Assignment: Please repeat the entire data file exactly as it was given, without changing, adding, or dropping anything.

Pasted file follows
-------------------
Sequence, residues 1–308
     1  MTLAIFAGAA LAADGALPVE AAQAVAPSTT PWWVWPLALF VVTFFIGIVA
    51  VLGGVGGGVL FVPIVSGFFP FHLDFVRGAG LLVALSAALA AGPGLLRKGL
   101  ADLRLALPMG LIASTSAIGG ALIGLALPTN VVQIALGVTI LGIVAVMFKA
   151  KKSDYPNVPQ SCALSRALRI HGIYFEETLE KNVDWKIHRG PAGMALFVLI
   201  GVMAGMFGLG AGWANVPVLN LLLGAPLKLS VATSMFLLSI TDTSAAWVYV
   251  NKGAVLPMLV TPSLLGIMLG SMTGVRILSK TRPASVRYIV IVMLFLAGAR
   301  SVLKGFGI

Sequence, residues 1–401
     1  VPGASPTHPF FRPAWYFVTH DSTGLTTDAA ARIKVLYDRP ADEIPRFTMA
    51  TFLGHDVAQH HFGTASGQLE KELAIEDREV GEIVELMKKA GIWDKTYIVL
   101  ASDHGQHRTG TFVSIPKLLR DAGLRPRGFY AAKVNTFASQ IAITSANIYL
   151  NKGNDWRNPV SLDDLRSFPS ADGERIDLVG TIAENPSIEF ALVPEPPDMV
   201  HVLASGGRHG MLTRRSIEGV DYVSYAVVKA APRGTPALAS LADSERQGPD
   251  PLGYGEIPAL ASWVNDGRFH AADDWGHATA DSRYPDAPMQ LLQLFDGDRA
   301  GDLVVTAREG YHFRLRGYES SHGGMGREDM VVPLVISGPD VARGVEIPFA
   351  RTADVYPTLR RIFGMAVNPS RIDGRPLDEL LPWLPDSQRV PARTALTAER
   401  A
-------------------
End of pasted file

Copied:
Sequence, residues 1–308
     1  MTLAIFAGAA LAADGALPVE AAQAVAPSTT PWWVWPLALF VVTFFIGIVA
    51  VLGGVGGGVL FVPIVSGFFP FHLDFVRGAG LLVALSAALA AGPGLLRKGL
   101  ADLRLALPMG LIASTSAIGG ALIGLALPTN VVQIALGVTI LGIVAVMFKA
   151  KKSDYPNVPQ SCALSRALRI HGIYFEETLE KNVDWKIHRG PAGMALFVLI
   201  GVMAGMFGLG AGWANVPVLN LLLGAPLKLS VATSMFLLSI TDTSAAWVYV
   251  NKGAVLPMLV TPSLLGIMLG SMTGVRILSK TRPASVRYIV IVMLFLAGAR
   301  SVLKGFGI

Sequence, residues 1–401
     1  VPGASPTHPF FRPAWYFVTH DSTGLTTDAA ARIKVLYDRP ADEIPRFTMA
    51  TFLGHDVAQH HFGTASGQLE KELAIEDREV GEIVELMKKA GIWDKTYIVL
   101  ASDHGQHRTG TFVSIPKLLR DAGLRPRGFY AAKVNTFASQ IAITSANIYL
   151  NKGNDWRNPV SLDDLRSFPS ADGERIDLVG TIAENPSIEF ALVPEPPDMV
   201  HVLASGGRHG MLTRRSIEGV DYVSYAVVKA APRGTPALAS LADSERQGPD
   251  PLGYGEIPAL ASWVNDGRFH AADDWGHATA DSRYPDAPMQ LLQLFDGDRA
   301  GDLVVTAREG YHFRLRGYES SHGGMGREDM VVPLVISGPD VARGVEIPFA
   351  RTADVYPTLR RIFGMAVNPS RIDGRPLDEL LPWLPDSQRV PARTALTAER
   401  A